Tags

, , ,

Or a tale about Winter’s tail!  You might be familiar with the 2011 movie called “Dolphin Tale”, and from there have learned of a very special dolphin housed at the Clearwater Aquarium in Florida.

 

*blowing Harry a kiss*  Anyway, while the account in the movie is fictionalized, the dolphin Winter and her fate are not.   In December 2005, a young dolphin was discovered by a fisherman in Mosquito Lagoon, seriously injured from tangling (literally) with a crab trap.  She was subsequently transported to the Clearwater Aquarium for care, though the prognosis was not hopeful.  While in the movie the medical staff (Harry) amputates her tail due to  infection and death of the tissue, in real life, as the tissue died, the tail sloughed off by itself.  The challenge was the same in either case.  In the movie, Winter discovers how to move about on her own, swishing her back end from side to side, fish-like; in reality, a trainer told me they had to teach her to do so.  The next challenge that resulted was also the same as in the movie – the side-to-side motion was compromising the health of her spine.  Without the strength and stability which flapping her tail up and down (dolphin-style) would have given her, she was developing a curvature and deformity of musculature that would ultimately disable her to a potentially fatal extent.  This is what brought about the need for a prosthetic… a temporary restoration of a tail that would allow her to swim as she was designed to, thus sparing her spine from further damage.   It pretty much looks just like what you see in the movie graphic above, and I had the opportunity to slide my arm into the sleeve of one of her prosthetics.   It was amazingly soft, and clingy and almost cloud-like.  The movie correctly stated that they had to design a gel for the sleeve for her specifically, called Winters Gel.  This amazing design was accomplished by Hanger Prosthetics and Orthotics (not Morgan Freeman LOL), who have actually manufactured 18 of these devices for Winter!  She was a young and still growing girl when rescued, so has outgrown or worn out a few of them.  Previous models are used for tactile exhibits and also displayed at the affiliated museum which is dedicated to the movie.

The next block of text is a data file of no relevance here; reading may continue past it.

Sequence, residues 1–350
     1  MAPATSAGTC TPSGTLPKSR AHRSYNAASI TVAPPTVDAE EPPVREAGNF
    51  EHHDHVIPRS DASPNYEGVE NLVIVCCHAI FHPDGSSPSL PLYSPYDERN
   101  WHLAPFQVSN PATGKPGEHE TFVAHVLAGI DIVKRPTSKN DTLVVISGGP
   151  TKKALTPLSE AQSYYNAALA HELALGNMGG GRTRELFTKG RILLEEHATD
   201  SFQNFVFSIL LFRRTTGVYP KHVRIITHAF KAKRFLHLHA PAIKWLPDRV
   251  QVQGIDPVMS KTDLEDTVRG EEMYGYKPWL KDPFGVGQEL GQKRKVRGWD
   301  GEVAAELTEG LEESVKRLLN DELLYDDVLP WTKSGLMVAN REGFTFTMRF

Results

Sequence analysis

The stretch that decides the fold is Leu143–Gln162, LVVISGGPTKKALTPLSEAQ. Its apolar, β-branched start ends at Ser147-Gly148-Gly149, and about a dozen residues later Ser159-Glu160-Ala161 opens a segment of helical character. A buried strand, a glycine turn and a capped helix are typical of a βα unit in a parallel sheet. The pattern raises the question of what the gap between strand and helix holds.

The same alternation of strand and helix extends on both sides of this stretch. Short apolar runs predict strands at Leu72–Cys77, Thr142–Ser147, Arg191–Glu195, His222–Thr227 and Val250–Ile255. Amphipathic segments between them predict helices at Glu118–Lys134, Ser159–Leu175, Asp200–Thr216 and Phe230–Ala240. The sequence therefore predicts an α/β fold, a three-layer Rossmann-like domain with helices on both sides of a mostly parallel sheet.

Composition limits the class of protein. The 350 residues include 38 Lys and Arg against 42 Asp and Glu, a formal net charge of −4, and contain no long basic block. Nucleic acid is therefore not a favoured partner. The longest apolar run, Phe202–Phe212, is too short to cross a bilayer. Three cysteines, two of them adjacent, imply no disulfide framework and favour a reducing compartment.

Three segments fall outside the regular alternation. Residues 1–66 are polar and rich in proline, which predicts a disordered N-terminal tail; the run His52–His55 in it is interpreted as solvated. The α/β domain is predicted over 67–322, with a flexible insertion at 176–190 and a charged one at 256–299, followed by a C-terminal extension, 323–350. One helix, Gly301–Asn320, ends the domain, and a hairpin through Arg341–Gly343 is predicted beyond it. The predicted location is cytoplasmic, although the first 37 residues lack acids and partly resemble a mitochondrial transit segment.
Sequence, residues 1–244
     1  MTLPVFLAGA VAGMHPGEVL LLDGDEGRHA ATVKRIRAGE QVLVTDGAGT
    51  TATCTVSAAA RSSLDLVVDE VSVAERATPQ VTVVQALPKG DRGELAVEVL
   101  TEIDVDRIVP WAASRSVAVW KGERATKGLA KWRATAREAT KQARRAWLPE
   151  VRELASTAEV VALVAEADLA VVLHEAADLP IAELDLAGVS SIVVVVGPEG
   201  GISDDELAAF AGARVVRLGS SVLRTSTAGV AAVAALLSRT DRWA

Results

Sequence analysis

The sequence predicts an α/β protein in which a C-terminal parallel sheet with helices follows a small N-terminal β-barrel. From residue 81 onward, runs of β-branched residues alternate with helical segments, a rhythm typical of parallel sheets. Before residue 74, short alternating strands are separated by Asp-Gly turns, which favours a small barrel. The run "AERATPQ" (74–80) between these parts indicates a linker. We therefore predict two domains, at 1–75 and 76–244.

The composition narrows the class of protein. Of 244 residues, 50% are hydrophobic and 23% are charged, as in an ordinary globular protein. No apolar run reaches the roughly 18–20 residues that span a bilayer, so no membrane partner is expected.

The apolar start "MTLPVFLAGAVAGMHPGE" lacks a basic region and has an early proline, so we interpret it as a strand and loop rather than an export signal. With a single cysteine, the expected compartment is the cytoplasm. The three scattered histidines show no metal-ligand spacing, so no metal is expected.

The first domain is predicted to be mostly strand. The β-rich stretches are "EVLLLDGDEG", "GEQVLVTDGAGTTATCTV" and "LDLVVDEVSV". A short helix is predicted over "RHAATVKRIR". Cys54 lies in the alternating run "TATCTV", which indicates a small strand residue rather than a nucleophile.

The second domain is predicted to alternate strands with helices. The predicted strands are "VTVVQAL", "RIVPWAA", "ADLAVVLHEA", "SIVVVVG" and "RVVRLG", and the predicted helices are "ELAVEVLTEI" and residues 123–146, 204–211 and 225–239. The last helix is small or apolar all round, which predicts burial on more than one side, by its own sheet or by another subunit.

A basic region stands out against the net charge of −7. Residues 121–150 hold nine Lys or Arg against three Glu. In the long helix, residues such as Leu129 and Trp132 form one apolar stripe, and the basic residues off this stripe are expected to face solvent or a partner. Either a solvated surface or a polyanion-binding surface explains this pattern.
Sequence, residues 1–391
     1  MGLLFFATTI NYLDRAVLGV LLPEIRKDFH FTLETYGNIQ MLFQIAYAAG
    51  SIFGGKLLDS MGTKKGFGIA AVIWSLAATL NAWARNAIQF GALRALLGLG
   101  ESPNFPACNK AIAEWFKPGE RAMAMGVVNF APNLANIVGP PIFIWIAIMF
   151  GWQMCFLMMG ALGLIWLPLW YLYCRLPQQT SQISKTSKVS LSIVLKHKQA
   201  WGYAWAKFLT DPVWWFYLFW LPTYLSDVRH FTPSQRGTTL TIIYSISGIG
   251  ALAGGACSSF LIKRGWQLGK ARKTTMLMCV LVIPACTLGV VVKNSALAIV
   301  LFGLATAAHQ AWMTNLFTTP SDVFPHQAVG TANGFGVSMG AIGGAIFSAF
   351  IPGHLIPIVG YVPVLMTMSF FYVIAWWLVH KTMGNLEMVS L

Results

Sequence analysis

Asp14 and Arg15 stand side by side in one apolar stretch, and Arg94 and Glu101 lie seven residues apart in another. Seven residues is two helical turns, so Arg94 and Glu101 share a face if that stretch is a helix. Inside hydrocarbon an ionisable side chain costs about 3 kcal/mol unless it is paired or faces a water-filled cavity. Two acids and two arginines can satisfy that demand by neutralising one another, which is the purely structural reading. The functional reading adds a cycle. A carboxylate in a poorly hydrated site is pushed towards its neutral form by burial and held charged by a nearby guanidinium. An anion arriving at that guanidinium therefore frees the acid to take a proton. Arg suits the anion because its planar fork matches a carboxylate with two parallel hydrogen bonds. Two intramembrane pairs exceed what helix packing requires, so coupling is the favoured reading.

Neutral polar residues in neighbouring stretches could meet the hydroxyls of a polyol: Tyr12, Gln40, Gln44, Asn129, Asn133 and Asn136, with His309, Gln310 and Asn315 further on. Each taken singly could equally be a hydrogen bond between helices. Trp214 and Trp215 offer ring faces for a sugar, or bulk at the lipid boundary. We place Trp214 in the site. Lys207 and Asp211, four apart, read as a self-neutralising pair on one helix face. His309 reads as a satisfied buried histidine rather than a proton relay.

The point of the prosthetic is not to rehabilitate her to ocean life; that will never happen.  Even if she were whole, she was separated from her mother too early in life to have learned the necessary life skills.  What her special tail DOES do is function as her physical therapy.  She wears it about 30 to 60 minutes a day, working out with the typical dolphin tail motion to keep her spine as straight as possible.  Additionally, they work with her manually (when the tail is off), directing her to submerge nose down, while lifting her up slightly out of the water by her back end… a sort of gentle traction.

She is a smart, special and happy girl with a great life, thanks to the dedication and creativity of an awful lot of people.

My first glimpse of Winter

 

It's a little harder for her to float erectly; I noticed she leaned quite a bit when vertical. But for treats, you sit pretty LOL!

 

Winter and another young girl, I believe named Hope

 

Gives you a good idea of her unique silhouette

 

Pretty girl!

 

Winter and Panama. Panama was also featured in the movie, and is deaf. With dolphins' reliance on echolocation, this placed her at a serious disadvantage. She also has a home for life a the aquarium. She responds excellently to signed commands.

 

I have some more photos from elsewhere at the aquarium, but this post is quite long enough!  So much to share about these beautiful animals.

 

 

Advertisements